6. Actually, ContentOne may have been hatched as late as the fourth quarter.

  7. Funny how the company is putting out special sections on the Messiah. This story has been so overblown by the current liberally biased media.

    If the election went the other way this left wing company would be print sections that the world is now ending.

  8. Nothing wrong with using the inauguration to bring in some revenue. What was missing here was the idea that the "platforms" should cover the news. Essay contests and historical references aren't news. Whatever corporate will generate will be stale and stripped of zip. Everybody else will be scrambling to fill out the memo checklist of non-news.

  9. Wow, student essays! Mugs and quotes! Highly original thinking f or an imploding news operation.

  10. Jim, many of us remember Kate Marymont's days as a solid journalist in previous jobs. We're hoping to see some evidence of it in her new job. This list of "story ideas" for the ContentOne insert/wrapper isn't what we're hoping for. But maybe, with time, the old Kate will shine through.

  11. What's so great and innovative about putting out special inauguration sections? I seem to recall working on one eight years ago, and all the newspapers look at this event as a way of gathering extra money. Trouble is they don't usually carry many ads, largely because Macy's and other retailers get little milage out of them. They don't draw customers. So you normally get some "good wishes" ads from well-financed advertisers, but there are precious few of them out there today. This is a truly dumb idea. Yes, and count me as a skeptic.

  12. I like all great ideas provided to the Marketing and Circulation folks.
    They've provided great ideas to implement, I'm sure, except that the marketing and circ staffs all have been laid off and there's no one to put any of those great ideas into action.

  13. I find it amusing that Kate (with whom I worked in Wilmington) said that it "may require special outreach" to find people who didn't vote for Obama and remain skeptical. Can it really be that hard? Gosh, only 58,343,671 Americans voted for McCain.

  14. These special sections are going to drain depeted newsrooms of writers and editors, plus stretch the remaining sales staffs to distraction. I agree it will be an unmitigated disaster, but the Crystal Towers will never admit how much money is lost on this atrocious idea. It's a real money-loser, and it's a pain to work on putting it together.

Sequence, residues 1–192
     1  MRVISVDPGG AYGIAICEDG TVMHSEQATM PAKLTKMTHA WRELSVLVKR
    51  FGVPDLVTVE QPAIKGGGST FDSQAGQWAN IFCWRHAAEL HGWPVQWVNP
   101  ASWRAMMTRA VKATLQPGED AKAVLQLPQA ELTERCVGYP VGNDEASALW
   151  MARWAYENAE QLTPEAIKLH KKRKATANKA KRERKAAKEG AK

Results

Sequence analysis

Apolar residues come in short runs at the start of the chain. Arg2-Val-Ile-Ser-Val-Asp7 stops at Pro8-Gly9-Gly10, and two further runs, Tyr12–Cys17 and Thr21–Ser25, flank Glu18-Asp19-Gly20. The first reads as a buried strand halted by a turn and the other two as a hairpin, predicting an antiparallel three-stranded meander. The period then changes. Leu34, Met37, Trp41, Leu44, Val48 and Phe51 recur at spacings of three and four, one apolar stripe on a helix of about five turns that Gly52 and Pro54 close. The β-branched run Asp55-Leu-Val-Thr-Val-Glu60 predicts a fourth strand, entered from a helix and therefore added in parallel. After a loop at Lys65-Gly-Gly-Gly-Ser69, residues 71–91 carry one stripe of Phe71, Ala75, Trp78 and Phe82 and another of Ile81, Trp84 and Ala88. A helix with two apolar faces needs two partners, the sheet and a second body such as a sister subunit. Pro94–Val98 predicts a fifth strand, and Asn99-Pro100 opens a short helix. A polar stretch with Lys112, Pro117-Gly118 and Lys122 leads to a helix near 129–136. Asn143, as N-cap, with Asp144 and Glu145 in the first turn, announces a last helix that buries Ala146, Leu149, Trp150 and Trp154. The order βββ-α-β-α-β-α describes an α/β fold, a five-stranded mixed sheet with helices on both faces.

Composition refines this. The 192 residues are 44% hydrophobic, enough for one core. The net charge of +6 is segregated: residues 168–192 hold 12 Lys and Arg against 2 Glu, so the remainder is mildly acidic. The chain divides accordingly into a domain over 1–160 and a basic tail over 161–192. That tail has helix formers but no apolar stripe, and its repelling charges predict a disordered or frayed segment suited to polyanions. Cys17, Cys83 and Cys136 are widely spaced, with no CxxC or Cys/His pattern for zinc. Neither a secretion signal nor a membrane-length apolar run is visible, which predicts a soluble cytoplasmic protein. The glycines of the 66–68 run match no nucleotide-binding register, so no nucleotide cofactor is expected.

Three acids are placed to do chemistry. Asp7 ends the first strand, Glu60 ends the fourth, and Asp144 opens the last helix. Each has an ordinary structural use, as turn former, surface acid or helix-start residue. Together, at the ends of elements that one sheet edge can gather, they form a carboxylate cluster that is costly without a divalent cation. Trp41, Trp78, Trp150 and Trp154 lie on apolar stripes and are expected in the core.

15. Jim,

    ContentOne has been in the pipeline since at least June 2008, when I participated in some early meetings.

    But it's still moving pretty fast for Gannett, which typically moves at Glacier pace...

  16. So how is corporate going to manipulate Content One to spy on readers?

  17. Oh goodie! A special section...and 8 more pages of suck.

  18. Yay, prefab filler pages (that won't match our styles or design standards, btw). Just what we need to make the paper feel substantial.

  19. So the local papers will take the content now made available to them, stick it in their respective papers and sites and call it,,, I don't know. For local papers shouldn't this be called ContentNone?

  20. Meanwhile, the real local news about important stuff like city, state and school budgets, crime, corruption and all will get ignored. That's what makes readers furious.

  21. Jim, while plans for this special section probably are being put together on the fly, as you say, the idea of selling the entire national set of GCI sites dates back at least to the creation of the one-size-fits-all Web design.

    I see the value in selling the national brand, although given the mucked-up way the online conversion was handled, I fear the results could fall far short of the idea's potential.

    However, I do have faith that there are local news staffs who will find a way to use this opportunity to provide good, solid, meaningful reporting that goes beyond essay contests and mugs-and-quotes.

  22. I don't know know about the aggregated web site - will have to wait and see on that one. But the concept of a single section delivered to all papers with space for local ads and content is hardly new. Newspapers have been doing this within regional groups for decades -- starting with efforts in the NJ Group in the late 90s.

    Is this just the first step to centralization of all news content, the conversion of independent newspapers to a massive network of bureaus that feeds one web site, a handful of print products?

  23. Joe said: Sounds like a test drive orchestrated by the Crash Dummies. There's nothing "local" or "community" for any daily or nondaily to use as an attraction for advertisers or readers. More erosion of mainline revenue.